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>Israel Faxx
>JN Aug. 30, 2000, Vol. 8, No. 150

Israel Aids Greece and Turkey

By IsraelWire

Israel dispatched two Air Force helicopters and a cargo plane to Greece over the weekend to help contain huge blazes throughout the country. Prime Minister Ehud Barak gave his consent at the request of the Greek government after seven people were killed and dozens of homes burned last week. Meanwhile, 60 Israel Defense Forces Home Front soldiers departed for Turkey Monday to train Turkish soldiers in search and rescue techniques and to help establish a rescue training school.


Ross Helps to Overcome Israeli, Palestinian Differences

By Meredith Buel (VOA-Jerusalem)

Middle East envoy Dennis Ross says differences remain between Israel and the Palestinians over the future of Jerusalem, and the United States is seeking ways to overcome the problems.

At the beginning of a meeting with Israeli Prime Minister Ehud Barak, Ross said all sides are looking for ways to bridge the differences between Israel and the Palestinians over the future of Jerusalem.

"I would say that there are differences that still have to be overcome and we are still looking for ways to try to do that."

Ross briefed Barak on a meeting earlier in Cairo between President Clinton and Egyptian President Hosni Mubarak.

The U.S. envoy declined to talk publicly about what proposals are being discussed to solve the Jerusalem dispute, which is considered the most difficult issue facing negotiators in the Middle East peace process.

There has been a flurry of diplomatic activity since negotiators failed to reach agreement last month at the Camp David summit.

Palestinian chief Yasir Arafat, Barak, and Clinton are scheduled to attend a meeting of the United Nations next week in New York.


Peres Attempts to Gain Control of Labor Party

By IsraelWire

Following his defeat in the recent race for the presidential seat, Minister of Regional Cooperation Shimon Peres has established a new Labor Party forum, comprised of veteran party members, perhaps as a move to strengthen his position within the party in advance of the national elections.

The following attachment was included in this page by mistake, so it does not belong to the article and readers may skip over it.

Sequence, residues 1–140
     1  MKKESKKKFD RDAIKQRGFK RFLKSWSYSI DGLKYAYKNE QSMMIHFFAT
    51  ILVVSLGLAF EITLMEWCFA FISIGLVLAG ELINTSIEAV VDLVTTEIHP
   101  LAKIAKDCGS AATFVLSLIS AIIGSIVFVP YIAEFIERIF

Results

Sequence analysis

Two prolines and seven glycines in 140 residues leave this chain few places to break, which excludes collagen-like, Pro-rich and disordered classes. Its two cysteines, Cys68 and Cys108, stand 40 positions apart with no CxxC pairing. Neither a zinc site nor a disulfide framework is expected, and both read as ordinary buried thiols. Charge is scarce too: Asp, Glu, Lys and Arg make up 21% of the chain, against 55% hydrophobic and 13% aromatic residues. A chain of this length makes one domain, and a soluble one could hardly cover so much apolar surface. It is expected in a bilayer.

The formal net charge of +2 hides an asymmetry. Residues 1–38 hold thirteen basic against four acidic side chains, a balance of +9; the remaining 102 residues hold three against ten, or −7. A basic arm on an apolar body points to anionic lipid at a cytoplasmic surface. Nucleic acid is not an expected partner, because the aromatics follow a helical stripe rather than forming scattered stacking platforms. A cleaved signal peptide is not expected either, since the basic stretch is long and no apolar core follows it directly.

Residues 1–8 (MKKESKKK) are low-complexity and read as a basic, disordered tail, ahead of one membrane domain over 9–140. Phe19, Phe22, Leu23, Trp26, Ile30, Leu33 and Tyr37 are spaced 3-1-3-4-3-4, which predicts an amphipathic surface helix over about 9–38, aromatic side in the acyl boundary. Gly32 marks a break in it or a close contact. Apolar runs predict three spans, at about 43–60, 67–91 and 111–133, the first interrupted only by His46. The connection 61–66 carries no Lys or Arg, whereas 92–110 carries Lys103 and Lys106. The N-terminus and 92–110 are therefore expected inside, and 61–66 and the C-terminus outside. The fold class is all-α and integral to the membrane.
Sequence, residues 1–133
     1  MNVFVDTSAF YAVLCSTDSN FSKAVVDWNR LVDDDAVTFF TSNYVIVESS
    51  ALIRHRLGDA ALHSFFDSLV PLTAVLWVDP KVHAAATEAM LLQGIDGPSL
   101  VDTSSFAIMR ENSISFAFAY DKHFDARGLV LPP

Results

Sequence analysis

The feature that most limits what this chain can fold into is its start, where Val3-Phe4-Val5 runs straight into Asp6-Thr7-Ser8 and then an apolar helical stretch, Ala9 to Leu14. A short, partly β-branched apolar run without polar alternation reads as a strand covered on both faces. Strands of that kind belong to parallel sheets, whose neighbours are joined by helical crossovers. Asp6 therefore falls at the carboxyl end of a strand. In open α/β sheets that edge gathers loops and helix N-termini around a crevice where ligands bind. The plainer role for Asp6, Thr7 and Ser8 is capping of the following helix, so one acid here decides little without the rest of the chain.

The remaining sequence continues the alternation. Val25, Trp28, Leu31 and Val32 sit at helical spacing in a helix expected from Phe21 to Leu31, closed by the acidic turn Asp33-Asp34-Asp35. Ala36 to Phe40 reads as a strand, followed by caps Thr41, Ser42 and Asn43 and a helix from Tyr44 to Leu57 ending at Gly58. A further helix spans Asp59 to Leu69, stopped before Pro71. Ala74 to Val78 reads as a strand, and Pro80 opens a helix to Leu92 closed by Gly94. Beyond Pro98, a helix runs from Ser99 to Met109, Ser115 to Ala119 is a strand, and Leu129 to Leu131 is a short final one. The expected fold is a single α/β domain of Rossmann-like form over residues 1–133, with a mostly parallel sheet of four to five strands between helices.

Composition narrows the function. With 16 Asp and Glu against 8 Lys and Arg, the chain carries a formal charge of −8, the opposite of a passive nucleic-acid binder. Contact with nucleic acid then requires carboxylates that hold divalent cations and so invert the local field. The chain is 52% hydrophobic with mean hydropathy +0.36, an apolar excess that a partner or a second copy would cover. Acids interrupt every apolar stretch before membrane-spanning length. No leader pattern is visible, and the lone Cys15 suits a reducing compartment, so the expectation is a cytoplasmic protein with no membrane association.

Peres told participants of the forum who met in the minister's Tel Aviv office, that they would continue to meet on a regular basis. The senior party member called upon supporters to work with him to advance the ongoing Oslo process between Israel and the PLO Authority. He added that the Oslo process must remain atop the national agenda.

Political observers explain that Peres' statements may have been aimed at Prime Minister Ehud Barak who has recently shifted gears, placing an emphasis on the new constitution and the secularization of the country. Despite his senior party position, Peres continues to be a political adversary of Barak.


Explosion at Archeological Dig May Have Been Terror Attack

By IsraelWire

The explosion that occurred early Tuesday morning at an archeological site near Rosh HaAyin may have been a terror attack. Three employees of the Israel Antiquities Authority were injured in the blast, which occurred near Rantis Junction, south of Rosh HaAyin.

According to Yediot Ahronot, quoting an unnamed senior police official, the blast was the result of a pipe bomb left at the location. Over past years, at the same location, other pipe bombs were also discovered, but they were safely neutralized. The most recent case was two months ago, when a large explosive device was discovered.

Two men injured in the Tuesday morning blast were transported to Beilinson Hospital and a woman, the third victim, to the HaSharon hospital. She is described as suffering from hysteria.


West Nile Virus Kills Israeli Man

Israel Faxx Staff Report and IsraelWire

An 84-year-old man died this week of complications from the West Nile virus - the same virus that hit the New York City area this summer.

Despite newspaper headlines and long reports on the radio, officials tried to calm fears. Experts noted that the virus is common in this region, and most Israelis have developed immunity.

In New York City, five people have been diagnosed with West Nile virus this year, all 63 years old or older, officials say. The virus killed seven people and sickened more than 60 in the New York City area last year.

Health officials report that about 2,000 ducks in southern Israel have been killed due to fears they were carrying the West Nile virus.

Health officials insist there is no cause for alarm at this time, explaining the ducks were killed in an effort to prevent the virus from spreading. It was believed that the ducks were carrying the disease and the decision was made to kill them to ensure that the sickness was not spread.


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